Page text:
A budget is the set of choices our policymakers make to lay a foundation for North Carolina’s future. Will it stand future tests of economic challenges and opportunities? Will it extend to every corner and household of our state? The answer for this budget is that it will not.
For those who say this is as good as we can get, the reality is we can do better. Our leaders have chosen to limit our sights.
There is no great mystery about what has happened in this year’s budget debate. Policymakers have set a low bar based on a rigid formula and ignored the realities of our growing state and the families who strive to do well. They have continued to allow tax cuts to phase in that benefit the wealthy and profitable corporations, and they even pursued more poorly targeted tax cuts that will fail to effectively address the increase in sales taxes that North Carolinians will pay.
To those satisfied with baby steps, this final budget may be okay. As those who seek leadership that charts a stable path into the future and embraces the challenges of our changing state, we are disappointed.
Every worker deserves a safe workplace where their lives and health are protected. Unfortunately, a small provision in the joint budget does just the opposite—it puts workers at risk by weakening the ability of the Department of Labor to enforce the state’s occupational safety laws.
Specifically, the joint budget adopts a House recommendation to eliminate two inspector positions at the North Carolina Department of Labor’s Occupational Safety and Health (OSH) division. This measure could not be more ill-timed—137 workers died on the job in 2014, up from 109 the year before. And already in 2016, the US Department of Labor has reported 30 fatalities so far this year at the workplaces the agency was able to inspect. And the death toll is likely much higher, as the count only includes those workplaces the Labor Department is able to inspect.
Tellingly, the budget notes that NCDOL eliminated these positions specifically because they remained unfilled for two years—which supposedly suggests that they were unnecessary. But this is not a reasonable explanation, given the rising number of workplace fatalities. Rather, it appears much more likely that the Secretary of Labor, Cherie Berry, has proven as lax in enforcing state occupational health and safety laws as she has in enforcing wage theft laws.
Workplace deaths are unacceptable. Both the General Assembly and Secretary Berry need to reverse course and support the hiring of more OSH inspectors, not fewer.
Carol Brooke contributed to this report.
The Bond Buyer, an insider investment industry publication, has taken note of North Carolina Senators’ passage of a proposed change to the state’s Constitution that would limit the income tax rate to the low and arbitrary level of 5.5 percent.
In a recent article on the risk to the state’s “gilt-edged credit rating,” the reporter quotes a Moody’s analyst who provided general comments about the challenges with the direction that Senators seek to take North Carolina in. From the article:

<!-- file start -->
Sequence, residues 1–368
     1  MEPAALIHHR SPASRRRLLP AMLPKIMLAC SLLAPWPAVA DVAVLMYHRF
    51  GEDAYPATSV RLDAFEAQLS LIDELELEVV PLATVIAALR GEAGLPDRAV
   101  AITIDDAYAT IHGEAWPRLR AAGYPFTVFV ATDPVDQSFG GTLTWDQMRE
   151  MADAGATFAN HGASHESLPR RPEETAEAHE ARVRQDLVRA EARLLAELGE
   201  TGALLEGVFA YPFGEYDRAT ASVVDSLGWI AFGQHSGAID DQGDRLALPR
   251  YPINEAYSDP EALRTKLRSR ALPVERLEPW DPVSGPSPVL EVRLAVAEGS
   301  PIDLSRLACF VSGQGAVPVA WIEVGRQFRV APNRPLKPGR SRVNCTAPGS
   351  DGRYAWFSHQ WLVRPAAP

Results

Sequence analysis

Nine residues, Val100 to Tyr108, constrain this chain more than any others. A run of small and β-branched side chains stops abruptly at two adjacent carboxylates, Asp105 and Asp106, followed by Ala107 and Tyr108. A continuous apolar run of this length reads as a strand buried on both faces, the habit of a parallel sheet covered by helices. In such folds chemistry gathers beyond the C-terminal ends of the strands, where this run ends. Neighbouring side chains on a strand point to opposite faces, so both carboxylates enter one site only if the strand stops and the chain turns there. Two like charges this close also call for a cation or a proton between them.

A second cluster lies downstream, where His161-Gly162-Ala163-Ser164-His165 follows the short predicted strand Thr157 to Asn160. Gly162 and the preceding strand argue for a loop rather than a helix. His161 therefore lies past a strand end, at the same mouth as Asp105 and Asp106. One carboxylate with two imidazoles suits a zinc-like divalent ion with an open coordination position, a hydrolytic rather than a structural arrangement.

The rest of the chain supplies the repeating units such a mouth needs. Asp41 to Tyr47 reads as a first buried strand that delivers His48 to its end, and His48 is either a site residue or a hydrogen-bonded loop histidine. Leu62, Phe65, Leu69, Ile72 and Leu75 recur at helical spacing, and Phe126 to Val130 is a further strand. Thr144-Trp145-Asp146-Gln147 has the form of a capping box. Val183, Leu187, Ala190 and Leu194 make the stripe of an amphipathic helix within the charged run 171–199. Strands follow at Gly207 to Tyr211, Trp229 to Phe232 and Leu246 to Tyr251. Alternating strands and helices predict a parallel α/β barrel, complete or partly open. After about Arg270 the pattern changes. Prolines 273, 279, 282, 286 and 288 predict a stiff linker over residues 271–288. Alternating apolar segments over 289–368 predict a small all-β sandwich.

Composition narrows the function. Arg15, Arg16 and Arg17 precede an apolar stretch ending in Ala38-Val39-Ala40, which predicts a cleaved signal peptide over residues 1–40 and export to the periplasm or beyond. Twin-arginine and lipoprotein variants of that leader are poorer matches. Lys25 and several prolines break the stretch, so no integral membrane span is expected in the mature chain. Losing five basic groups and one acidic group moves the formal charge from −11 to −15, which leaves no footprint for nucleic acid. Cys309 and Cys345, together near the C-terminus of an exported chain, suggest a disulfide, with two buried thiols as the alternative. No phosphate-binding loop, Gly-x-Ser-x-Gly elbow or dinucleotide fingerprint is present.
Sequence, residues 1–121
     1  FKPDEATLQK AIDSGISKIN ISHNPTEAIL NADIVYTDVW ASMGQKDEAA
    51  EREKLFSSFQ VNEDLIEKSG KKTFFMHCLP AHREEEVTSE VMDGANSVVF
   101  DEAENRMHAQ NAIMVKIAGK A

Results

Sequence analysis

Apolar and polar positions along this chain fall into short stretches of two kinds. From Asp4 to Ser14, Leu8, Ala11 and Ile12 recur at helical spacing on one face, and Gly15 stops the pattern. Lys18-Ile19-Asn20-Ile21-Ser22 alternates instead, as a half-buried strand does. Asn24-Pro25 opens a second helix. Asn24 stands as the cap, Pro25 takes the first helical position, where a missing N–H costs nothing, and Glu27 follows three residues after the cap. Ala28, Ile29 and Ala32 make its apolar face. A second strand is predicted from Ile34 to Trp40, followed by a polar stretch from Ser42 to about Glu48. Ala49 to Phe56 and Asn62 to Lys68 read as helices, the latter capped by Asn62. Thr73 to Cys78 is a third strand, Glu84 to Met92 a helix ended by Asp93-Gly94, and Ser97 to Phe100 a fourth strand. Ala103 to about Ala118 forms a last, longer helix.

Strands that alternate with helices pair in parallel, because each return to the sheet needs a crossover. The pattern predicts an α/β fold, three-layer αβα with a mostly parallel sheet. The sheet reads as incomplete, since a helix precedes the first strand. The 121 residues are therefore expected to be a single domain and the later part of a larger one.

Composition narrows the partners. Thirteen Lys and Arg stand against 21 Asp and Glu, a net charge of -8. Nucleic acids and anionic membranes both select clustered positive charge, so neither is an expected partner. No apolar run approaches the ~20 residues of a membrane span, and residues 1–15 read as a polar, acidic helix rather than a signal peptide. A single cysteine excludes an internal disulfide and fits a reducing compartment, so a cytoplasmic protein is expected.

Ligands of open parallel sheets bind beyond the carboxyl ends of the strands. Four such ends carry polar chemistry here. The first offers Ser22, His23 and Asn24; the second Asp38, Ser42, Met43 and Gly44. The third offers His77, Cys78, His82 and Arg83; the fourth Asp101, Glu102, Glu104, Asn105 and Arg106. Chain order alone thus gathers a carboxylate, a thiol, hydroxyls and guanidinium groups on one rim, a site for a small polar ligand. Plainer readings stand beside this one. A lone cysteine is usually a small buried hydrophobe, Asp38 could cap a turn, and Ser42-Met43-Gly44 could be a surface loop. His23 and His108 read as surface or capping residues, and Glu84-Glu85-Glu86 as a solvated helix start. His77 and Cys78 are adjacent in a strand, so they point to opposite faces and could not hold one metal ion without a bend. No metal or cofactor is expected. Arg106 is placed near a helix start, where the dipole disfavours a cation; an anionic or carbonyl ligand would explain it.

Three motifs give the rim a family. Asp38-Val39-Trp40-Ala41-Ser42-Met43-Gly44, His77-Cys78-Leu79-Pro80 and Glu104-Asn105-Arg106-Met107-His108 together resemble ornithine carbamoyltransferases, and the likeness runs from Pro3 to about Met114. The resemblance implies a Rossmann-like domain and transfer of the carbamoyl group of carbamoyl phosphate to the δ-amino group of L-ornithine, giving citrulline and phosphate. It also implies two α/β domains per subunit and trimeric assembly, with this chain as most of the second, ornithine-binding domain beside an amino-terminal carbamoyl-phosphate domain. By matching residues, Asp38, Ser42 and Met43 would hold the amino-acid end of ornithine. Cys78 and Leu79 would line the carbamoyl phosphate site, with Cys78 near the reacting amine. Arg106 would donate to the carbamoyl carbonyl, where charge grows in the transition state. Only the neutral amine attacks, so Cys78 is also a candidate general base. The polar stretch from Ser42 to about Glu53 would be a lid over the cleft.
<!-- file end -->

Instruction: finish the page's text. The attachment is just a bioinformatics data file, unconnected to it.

“A majority of state budgets rely on a combination of income and sales tax revenues, according to Nick Samuels, vice president and senior public finance credit officer with Moody’s Investors Service. … Whatever the source, state budgets are sensitive to volatility in revenue, depending on how spending plans are structured, said Samuels. He declined to comment directly on North Carolina’s bill because it hasn’t passed. …
“Illinois has a flat income tax rate mandated by the state’s constitution that can be difficult to change, he pointed out.
“Moody’s rates Illinois’s senior debt Baa2 with a negative outlook as the state nears its second fiscal year without an adopted budget due to a political stalemate over spending issues between parties.
“In North Carolina, Moody’s rates the state’s general obligation bonds AAA because of its strong fiscal management and economic growth, which benefits tax collections, the agency said in a report in February. …
“Samuels said state ratings tend to be high because budget leaders have flexible governing strength.”
Read the full article here.
The Agriculture and Natural and Economic Resources (ANER) budget makes one thing clear: North Carolina has image problems. Scattered throughout this section of the budget are a variety of additional funds to support marketing, promotion, and public relations work. New funds are made available to market North Carolina’s agricultural products overseas, to boost the state’s image as a business destination, to promote tourism, and to recruit foreign companies to the Tar Heel State. All of these activities were already supported to some degree by state funds, so the new appropriations show that budget writers are concerned about North Carolina’s image across the U.S. and around the world.
Some important new investments are included, but the ANER budget leaves many of the fundamental economic and environmental challenges facing our state unaddressed. Some of the notable funding increases include additional support for rural downtown revitalization, water and wastewater infrastructure, and shellfish industry development. While there is merit to most of the areas where additional funding is allocated, the ANER budget lacks a cohesive vision for a prosperous future.
See below for a list of selected changes included in the ANER section of the budget: Read more
The joint budget for Justice and Public Safety for the upcoming fiscal year entails a 3.5 percent increase to the original JPS budget passed by state lawmakers last year. Despite unmet needs in North Carolina such as re-entry services for ex-offenders returning into local communities, little progress is made beyond funding for pay raises and one-time bonuses.
Highlights from the joint budget for Justice and Public Safety:
Public Safety Read more